This week I saw the new Jim Carrey comedy, mildly funny. But while waiting to see it I saw a new coke advertisement with polar bears and penguins hanging out together, drinking coca-cola. Wait a second, Polar bears live on the North pole, and punguins on the South.
Phil Plait, the Bad Astronomer, weighs in on the difference between how politicians use information and how scientists use information. And there’s that pesky word “truth” coming up again.
“I donâ€™t care if youâ€™re Republican or Democrat, whatâ€™s happening in the U.S. is a wholesale dismantling of one of our most precious resources: the scientific ability to sort truth from fiction. This ability is what my website (and blog) are all about, so I intend to be more active in this field in the future.”
Here is an excellent article by Nicholas Wade at the NYT about the differences between textbook science and frontier science, while discussing the issue of Dr. Hwang. I particularly like the concluding paragraph:
“Tightening up the reviewing system may remove some faults but will not erase the inescapable gap between textbook science and frontier science. Continue reading Claims not Truths
So Iâ€™ve decided to start a weblog. The weblog, or blog for short, has had a shaky beginning. This is largely because of the stereotype that blog authors are just bored and lonely technophiles who have nothing to say but are telling people they have never met what they had for breakfast, featuring a live mood-indicator. Or perhaps youâ€™ve thought of them as places where angry people vent their grammatically poor, factually atrocious, and ethically mal-adjusted personal views hoping that someone will subscribe to their drivel. Finally, perhaps you heard warnings about blogs through the print, radio, or television media during political campaigns as having posted dubious information and so-called anonymous â€˜expert analysesâ€™ about candidates or political issues. Yes, they can be used for that, just like the print media has its tabloids, television has its trash, and even radio has its idiotic ideologues.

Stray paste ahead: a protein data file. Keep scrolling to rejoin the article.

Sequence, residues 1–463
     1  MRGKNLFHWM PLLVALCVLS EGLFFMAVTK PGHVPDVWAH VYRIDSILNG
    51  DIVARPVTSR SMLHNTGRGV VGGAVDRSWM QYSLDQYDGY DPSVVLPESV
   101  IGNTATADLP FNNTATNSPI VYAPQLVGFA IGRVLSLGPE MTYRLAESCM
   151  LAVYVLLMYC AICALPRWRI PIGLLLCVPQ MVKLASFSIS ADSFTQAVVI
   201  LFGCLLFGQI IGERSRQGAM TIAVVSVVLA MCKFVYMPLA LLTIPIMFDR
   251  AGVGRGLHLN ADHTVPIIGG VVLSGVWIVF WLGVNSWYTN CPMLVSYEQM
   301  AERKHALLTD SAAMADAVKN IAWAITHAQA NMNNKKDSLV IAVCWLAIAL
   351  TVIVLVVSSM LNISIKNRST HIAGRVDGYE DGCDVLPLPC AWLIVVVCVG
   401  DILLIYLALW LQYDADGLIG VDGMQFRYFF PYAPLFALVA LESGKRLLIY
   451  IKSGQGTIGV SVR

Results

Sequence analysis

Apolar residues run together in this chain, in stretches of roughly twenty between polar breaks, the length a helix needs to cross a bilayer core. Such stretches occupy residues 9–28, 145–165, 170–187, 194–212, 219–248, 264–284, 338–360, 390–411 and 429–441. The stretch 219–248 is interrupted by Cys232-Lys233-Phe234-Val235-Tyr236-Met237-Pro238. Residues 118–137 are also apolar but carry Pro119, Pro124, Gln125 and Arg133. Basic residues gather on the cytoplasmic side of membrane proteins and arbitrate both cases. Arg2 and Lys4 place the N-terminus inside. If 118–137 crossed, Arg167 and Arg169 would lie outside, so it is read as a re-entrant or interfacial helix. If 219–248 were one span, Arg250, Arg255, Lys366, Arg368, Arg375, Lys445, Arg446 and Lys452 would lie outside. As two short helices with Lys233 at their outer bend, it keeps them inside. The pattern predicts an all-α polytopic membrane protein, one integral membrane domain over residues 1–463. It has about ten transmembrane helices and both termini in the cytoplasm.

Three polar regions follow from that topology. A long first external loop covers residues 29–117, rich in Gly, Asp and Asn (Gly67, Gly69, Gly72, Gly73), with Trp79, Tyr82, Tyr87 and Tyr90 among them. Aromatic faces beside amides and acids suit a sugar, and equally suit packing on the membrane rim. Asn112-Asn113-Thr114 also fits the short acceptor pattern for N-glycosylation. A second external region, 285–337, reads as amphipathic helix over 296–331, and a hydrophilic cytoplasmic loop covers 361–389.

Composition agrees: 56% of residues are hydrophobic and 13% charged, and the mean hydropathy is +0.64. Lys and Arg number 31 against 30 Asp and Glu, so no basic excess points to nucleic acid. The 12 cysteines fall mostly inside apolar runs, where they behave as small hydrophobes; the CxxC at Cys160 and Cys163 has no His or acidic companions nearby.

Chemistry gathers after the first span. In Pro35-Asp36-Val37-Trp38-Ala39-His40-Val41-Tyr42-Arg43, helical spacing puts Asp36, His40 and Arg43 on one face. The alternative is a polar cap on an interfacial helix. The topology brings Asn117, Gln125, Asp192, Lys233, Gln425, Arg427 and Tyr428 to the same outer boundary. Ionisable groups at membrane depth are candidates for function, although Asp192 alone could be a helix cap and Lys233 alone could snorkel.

But blogs as a delivery system for information have far more potential than people may yet realize. Continue reading The Mindlog Part II, Entering the Blogosphere.
Greetings and Hallucinations. And welcome to The Inoculated Mind. This is the first post of a great many to come on the Mindlog, my own little place for opining on the fuzziest of scientific frontiers and teaching about the solid foundations central to scientific pursuits.
The Scientific Life.
I have a passion for science, the methodology used around the world for â€œchipping away at the block of ignorance,â€ as physical chemist Peter Atkins would put it. The scientific method is the same wherever you go, no matter how politicians in Kansas vote every four years or so, and so the scientific community is perhaps the closest thing we have to a universal community worldwide. Scientists may speak English, Chinese, Spanish, French, German, and Hindi, and thatâ€™s just one lab, but they think in terms of enzymes and substrates. Or three-letter codon triplets as in DNA, radioisotopes and silicates and microfractures, or perhaps as physicists they think in terms of the four fundamental forces of nature.
Scientists come from every political and religious flavor, and every cultural and socio-economic background, and thus come with innumerable biases and agendas. But what makes science more than just an exercise in convincing other people of your own predisposition is Continue reading The Mindlog Part I: A Mind Inoculated.
In the future, this will be my weblog, continuing the same coverage of science news, concepts, and issues that I’ve been doing in print media for the past three years. Combined with the Mindcast, this new “Mindlog” will aim to inject discussion and understanding of science into the public.Currently, the Mindlog is undergoing tweaking and testing, as I will be setting it up to suit my needs and style. Okay, so it didn’t launch on the winter solstice, it will instead launch on Sunday, January 15, 2006.
Karl J. Mogel